Essential gene prediction in Drosophila melanogaster using machine learning approaches based on sequence and functional features
Computational and Structural Biotechnology Journal
Genes are termed to be essential if their loss of function compromises viability or results in profound loss of fitness. On the genome scale, these genes can be determined experimentally employing RNAi or knockout screens, but this is very resource intensive. Computational methods for essential gene prediction can overcome this drawback, particularly when intrinsic (e.g. from the protein sequence) as well as extrinsic features (e.g. from transcription profiles) are considered. In this work, we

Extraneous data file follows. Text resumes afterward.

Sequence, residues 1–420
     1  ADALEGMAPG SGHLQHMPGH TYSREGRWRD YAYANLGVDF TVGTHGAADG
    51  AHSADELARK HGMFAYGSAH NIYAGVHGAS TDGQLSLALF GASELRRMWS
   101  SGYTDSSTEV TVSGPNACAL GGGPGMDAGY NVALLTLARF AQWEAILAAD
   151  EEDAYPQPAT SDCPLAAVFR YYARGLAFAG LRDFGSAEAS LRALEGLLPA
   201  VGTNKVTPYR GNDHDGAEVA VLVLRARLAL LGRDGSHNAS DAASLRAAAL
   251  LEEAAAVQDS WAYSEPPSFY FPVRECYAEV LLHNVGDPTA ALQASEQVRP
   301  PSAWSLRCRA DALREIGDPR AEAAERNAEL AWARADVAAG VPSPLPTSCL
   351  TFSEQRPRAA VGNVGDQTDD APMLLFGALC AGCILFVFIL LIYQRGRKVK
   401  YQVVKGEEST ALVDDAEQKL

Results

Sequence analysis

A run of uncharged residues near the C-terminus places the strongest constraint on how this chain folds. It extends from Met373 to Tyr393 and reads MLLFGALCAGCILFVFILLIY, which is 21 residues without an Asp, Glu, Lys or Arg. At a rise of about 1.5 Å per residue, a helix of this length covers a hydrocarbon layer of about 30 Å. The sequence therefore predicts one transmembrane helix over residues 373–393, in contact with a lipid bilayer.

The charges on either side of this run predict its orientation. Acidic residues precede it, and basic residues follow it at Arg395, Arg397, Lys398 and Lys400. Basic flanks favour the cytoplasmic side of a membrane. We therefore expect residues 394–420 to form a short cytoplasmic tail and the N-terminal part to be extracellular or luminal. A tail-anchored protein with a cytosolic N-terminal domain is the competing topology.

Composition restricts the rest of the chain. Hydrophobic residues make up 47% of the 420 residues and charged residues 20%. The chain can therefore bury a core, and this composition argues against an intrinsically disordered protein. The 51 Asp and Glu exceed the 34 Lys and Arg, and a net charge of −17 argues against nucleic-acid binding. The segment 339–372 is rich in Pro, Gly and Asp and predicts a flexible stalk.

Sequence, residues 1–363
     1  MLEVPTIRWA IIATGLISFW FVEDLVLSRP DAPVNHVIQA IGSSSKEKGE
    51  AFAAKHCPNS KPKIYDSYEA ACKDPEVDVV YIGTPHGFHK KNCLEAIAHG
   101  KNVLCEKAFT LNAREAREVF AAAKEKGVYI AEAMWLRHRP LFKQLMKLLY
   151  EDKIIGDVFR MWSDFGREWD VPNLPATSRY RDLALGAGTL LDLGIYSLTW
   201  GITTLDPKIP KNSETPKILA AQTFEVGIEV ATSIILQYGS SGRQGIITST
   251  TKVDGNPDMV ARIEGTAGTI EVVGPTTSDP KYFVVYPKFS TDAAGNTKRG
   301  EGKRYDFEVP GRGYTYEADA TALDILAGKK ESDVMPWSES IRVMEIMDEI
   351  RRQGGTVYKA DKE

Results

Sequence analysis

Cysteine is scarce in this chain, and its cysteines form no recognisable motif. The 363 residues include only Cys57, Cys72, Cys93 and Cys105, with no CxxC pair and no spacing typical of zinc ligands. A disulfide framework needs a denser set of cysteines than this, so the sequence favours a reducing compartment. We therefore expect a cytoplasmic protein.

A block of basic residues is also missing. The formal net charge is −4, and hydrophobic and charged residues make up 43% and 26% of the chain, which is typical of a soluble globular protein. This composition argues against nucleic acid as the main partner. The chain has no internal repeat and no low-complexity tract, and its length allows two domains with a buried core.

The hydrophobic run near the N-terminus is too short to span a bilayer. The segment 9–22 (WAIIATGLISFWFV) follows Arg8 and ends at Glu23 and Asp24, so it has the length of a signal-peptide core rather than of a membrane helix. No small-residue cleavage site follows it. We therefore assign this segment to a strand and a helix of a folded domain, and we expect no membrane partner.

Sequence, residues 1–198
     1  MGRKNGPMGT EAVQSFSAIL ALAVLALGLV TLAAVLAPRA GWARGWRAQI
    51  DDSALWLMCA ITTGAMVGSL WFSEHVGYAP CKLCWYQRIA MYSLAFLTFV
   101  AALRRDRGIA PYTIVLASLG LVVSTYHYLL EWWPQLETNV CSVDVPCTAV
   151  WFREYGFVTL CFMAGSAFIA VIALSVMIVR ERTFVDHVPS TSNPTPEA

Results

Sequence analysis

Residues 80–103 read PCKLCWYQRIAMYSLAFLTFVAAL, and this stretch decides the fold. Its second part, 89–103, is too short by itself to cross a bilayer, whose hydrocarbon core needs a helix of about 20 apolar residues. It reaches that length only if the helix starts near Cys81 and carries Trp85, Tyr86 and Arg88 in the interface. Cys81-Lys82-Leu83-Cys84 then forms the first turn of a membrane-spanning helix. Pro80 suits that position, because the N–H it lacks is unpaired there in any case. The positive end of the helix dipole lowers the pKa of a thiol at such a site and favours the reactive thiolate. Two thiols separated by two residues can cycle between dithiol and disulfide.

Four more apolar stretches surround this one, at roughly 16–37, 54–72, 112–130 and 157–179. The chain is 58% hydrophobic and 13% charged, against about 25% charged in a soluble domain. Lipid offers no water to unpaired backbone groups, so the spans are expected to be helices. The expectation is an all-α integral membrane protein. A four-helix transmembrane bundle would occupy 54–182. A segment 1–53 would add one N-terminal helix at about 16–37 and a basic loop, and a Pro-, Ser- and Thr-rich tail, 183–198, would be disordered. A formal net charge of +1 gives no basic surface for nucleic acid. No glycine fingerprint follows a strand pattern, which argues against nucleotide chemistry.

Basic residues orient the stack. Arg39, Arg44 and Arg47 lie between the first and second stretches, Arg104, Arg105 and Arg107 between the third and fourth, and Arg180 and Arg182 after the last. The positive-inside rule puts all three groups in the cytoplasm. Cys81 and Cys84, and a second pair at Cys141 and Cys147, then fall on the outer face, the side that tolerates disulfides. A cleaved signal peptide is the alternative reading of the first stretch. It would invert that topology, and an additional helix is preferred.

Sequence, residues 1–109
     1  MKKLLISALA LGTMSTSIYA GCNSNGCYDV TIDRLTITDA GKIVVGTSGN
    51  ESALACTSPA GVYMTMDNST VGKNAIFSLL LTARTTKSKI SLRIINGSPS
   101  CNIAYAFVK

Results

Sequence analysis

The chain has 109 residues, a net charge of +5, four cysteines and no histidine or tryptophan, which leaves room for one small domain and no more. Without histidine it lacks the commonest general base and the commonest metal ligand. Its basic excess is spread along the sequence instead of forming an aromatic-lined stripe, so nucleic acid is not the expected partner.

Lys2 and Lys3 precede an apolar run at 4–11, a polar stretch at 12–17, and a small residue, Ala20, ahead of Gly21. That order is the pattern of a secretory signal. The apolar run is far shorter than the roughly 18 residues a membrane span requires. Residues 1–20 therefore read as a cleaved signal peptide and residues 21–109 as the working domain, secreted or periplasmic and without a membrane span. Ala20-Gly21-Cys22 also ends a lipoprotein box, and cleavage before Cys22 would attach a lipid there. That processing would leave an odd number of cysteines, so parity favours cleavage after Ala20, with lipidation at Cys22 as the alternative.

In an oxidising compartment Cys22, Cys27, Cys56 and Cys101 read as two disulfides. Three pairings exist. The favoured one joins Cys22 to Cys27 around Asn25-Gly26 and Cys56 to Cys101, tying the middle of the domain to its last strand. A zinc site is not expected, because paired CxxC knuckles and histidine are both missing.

... mployed machine learning to predict essential genes in Drosophila melanogaster. A total of 27,340 features were generated based on a large variety of different aspects comprising nucleotide and protein sequences, gene networks, protein-protein interactions, evolutionary conservation and functional annotations. Employing cross-validation, we obtained an excellent prediction performance. The best model achieved in D. melanogaster a ROC-AUC of 0.90, a PR-AUC of 0.30 and a F1 score of 0.34. Our approach considerably outperformed a benchmark method in which only features derived from the protein sequences were used (P < 0.001). Investigating which features contributed to this success, we found all categories of features, most prominently network topological, functional and sequence-based features. To evaluate our approach we performed the same workflow for essential gene prediction in human and achieved an ROC-AUC = 0.97, PR-AUC = 0.73, and F1 = 0.64. In summary, this study shows that using our well-elaborated assembly of features covering a broad range of intrinsic and extrinsic gene and protein features enabled intelligent systems to predict well the essentiality of genes in an organism.